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Historical Sketch
of the 136th

Taken from Final Report on the Battlefield of Gettysburg (New York at Gettysburg) by the New York Monuments Commission for the Battlefields of Gettysburg and Chattanooga. Albany, NY: J.B. Lyon Company, 1902.

Breaking camp on May 1, 1864, the regiment started with Sherman's army on the Atlanta campaign. With faces turned southward the men commenced the long victorious march on which there was to be no retracing of their footsteps. The enemy's forces were first encountered at Buzzard Roost and Rocky Face Gap, Ga. They were driven from their position, an action in which the One hundred and thirty-sixth participated, but with slight loss.

On May 15, 1864, the regiment was actively engaged at the battle of Resaca, Ga., in which it sustained a loss of eighty-one in killed and wounded. In this battle Butterfield's Division captured a battery of four brass Napoleon guns,— twelve-pounders. After daily skirmishes, the principal ones occurring at Cassville, Dallas, New Hope Church, Kenesaw Mountain, Pine Knob, Lost Mountain, and other localities, in some of which the fighting involved the whole regiment, the division found itself in position July 2oth, at Peach Tree Creek. Here the line of the Twentieth Corps was attacked by the Confederate army under General Hood, which made repeated and desperate assaults on the Union position, only to be repulsed with terrible loss. The men of the One hundred and thirty-sixth bore an honorable part in this battle, during which one of their number, Priv. Dennis Buckley, of Company G, captured the battle flag of the Thirty-first Mississippi, knocking down the Confederate color bearer with the butt of his musket and wrenching the colors from his grasp. While Buckley was waving the captured flag defiantly at the ranks of the enemy a bullet fired at him struck the flagstaff, glanced, and hit him in the forehead, killing him instantly. A year or more after the war closed the War Department gave a Medal of Honor to be delivered to the mother of Dennis Buckley, in recognition of his heroism at the battle of Peach Tree Creek and the capture by him of one of the enemy's flags.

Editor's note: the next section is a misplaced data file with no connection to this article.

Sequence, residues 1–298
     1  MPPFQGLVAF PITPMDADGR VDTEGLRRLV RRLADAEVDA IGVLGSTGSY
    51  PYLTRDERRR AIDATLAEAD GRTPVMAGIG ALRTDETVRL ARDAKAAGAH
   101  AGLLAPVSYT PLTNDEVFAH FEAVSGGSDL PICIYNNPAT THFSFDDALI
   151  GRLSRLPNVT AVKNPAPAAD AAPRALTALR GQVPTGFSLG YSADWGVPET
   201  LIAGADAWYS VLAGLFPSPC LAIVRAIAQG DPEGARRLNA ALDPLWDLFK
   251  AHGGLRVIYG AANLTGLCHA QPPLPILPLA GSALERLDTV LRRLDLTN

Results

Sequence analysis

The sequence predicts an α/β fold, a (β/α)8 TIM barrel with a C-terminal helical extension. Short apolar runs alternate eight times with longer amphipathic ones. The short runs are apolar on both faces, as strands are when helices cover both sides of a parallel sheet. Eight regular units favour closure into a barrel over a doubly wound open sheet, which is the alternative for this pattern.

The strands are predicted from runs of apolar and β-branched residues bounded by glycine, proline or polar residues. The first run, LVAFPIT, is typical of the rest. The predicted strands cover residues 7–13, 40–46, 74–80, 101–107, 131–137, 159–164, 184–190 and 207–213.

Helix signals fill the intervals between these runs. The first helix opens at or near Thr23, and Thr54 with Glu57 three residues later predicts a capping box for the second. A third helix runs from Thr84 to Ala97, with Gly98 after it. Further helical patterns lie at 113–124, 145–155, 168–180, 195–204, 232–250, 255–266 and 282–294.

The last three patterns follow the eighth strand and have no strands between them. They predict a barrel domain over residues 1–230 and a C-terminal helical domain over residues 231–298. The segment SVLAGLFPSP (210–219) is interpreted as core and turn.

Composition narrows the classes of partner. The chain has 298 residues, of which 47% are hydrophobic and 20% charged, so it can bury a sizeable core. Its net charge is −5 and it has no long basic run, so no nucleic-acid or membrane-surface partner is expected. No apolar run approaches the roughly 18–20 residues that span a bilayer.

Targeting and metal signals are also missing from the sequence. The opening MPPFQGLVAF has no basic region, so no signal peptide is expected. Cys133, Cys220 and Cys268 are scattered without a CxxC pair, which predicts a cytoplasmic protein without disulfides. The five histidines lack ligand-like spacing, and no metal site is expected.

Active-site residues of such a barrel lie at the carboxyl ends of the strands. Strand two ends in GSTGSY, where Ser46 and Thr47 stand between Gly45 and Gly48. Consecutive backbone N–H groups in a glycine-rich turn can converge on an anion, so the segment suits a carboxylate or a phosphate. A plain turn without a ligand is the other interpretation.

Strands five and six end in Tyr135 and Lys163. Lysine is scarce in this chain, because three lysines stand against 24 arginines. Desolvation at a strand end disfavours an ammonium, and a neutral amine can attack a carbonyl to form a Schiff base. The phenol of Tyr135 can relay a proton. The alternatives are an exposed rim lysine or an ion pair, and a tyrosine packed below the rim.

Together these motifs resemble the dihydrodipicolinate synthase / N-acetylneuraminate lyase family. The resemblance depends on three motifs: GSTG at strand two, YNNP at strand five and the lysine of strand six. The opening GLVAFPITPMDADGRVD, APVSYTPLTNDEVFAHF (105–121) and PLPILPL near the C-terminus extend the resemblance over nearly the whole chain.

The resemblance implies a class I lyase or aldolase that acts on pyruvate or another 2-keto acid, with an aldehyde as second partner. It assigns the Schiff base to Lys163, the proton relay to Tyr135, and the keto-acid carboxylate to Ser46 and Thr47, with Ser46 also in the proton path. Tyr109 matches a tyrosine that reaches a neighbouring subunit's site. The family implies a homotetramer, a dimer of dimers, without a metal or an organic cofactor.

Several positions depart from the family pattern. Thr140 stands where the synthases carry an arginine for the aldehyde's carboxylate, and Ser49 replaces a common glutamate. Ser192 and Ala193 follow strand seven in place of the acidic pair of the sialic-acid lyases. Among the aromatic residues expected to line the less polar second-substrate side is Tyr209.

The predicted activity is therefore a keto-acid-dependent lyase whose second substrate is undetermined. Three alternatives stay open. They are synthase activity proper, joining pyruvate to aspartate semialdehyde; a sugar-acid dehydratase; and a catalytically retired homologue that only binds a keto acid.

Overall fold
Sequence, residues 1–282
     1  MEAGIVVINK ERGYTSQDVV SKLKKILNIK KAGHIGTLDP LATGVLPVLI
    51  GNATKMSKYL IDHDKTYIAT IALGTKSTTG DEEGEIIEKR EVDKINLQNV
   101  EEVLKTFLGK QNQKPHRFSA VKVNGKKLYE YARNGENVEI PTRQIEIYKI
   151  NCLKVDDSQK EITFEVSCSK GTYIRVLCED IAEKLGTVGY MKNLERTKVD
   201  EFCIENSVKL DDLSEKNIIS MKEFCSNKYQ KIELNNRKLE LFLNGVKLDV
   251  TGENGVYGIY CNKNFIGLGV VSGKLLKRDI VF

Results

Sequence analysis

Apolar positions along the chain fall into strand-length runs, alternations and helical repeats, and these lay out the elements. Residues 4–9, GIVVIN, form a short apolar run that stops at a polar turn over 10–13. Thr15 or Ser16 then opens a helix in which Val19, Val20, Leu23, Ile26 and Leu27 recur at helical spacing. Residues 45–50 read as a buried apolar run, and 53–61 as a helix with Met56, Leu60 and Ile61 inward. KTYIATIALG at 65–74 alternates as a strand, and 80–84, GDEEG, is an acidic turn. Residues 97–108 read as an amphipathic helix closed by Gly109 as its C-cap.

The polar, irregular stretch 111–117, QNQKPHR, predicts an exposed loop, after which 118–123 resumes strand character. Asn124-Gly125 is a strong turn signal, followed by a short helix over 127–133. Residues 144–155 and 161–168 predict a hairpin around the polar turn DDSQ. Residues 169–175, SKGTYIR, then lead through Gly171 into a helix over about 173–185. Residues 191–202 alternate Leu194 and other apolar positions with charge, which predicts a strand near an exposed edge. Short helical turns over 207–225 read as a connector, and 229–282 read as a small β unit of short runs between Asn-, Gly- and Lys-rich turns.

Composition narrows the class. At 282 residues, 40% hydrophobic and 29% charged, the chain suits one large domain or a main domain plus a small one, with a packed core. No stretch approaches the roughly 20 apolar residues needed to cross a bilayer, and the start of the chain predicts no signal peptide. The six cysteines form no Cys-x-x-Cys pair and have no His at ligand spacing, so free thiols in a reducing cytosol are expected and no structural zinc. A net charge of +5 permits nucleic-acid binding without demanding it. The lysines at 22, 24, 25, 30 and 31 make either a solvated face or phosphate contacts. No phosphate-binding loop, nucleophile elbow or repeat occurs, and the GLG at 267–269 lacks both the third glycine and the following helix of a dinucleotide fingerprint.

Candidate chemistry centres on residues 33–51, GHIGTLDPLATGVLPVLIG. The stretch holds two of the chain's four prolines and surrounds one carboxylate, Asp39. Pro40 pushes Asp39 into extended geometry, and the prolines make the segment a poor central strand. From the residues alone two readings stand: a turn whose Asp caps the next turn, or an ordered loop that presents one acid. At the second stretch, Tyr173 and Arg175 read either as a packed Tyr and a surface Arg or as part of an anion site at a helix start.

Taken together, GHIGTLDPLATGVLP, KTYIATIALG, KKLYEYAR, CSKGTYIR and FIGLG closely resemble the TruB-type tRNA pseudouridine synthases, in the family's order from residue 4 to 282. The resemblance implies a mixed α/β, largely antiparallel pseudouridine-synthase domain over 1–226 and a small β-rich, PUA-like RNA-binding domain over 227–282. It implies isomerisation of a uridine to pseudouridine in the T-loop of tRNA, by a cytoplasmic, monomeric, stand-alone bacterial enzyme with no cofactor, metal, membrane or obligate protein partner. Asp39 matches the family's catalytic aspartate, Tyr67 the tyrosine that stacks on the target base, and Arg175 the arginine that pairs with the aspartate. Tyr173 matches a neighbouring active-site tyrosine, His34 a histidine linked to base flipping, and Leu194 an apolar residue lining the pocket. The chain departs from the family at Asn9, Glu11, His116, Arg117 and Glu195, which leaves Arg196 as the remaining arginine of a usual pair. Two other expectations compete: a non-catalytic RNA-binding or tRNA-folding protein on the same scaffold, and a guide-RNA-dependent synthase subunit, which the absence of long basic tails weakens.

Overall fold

On the morning of July 22d the brigade advanced within two miles of Atlanta, where it occupied various positions during the siege that followed. For six weeks the One hundred and thirty-sixth lay in the trenches before the city under fire daily, many of the men being killed or wounded while in the works, which, towards the close of the siege, were advanced to within close range of the enemy's lines. The Confederate troops evacuated Atlanta during the night on September 1st, and the Twentieth Corps, now under command of General Slocum, entered the city and took possession. "Atlanta was ours, and fairly won."

With the occupation of the city came a period of rest and quiet for ten weeks, a pleasing respite from the privations and dangers of the previous campaign. On November 15, 1864, refreshed and strengthened by its stay at Atlanta, the regiment started with Sherman's army on the March to the Sea. The corps was under the command of Gen. A. S. Williams, General Slocum having been placed in command of the left wing, which composed of the Fourteenth and Twentieth Corps, was designated the Army of Georgia. The division was commanded by Gen. William T. Ward, who had succeeded General Butterfield, while on the Atlanta campaign; the regiment was under Lieutenant Colonel Faulkner.

The army arrived at Savannah, December 11, 1864, and immediately laid siege to the city, which was evacuated on the 21st.

After a month's stay at Savannah the army started northward January 16, 1865, on the campaign of the Carolinas, arriving at Goldsborough, N. C., on March 24th, after a march of 454 miles, part of which was made over difficult roads and over many rivers and swamps, some of which had to be waded through. In crossing the Edisto River the men waded half a mile in water from twelve to thirty-six inches deep. Skirmishing with the enemy was a frequent occurrence, while a general engagement with Johnston's army occurred at Averasborough, N. C., March 16, 1865, and at Bentonville, N. C., March 19-21, 1865. In the fighting at Bentonville, Maj. H. L. Arnold, who was in command of the regiment, was severely wounded. During the campaign in the Carolinas the brigade was commanded by Gen. William Cogswell, formerly colonel of the Second Massachusetts, an able and fearless officer.

Leaving its camp near Goldsborough, N. C., on April 10th, the regiment started on its last, homeward march. Passing through Richmond, Va., May 11th, and then the battlefields of Chancellorsville and Spotsylvania, it arrived at Alexandria on the 19th. On the 24th it marched proudly in the final Grand Review at Washington, and thence out the Bladensburg Pike, where it encamped while waiting for its muster out.

New York State Division of Military and Naval Affairs: Military History
Last modified: March 20, 2006

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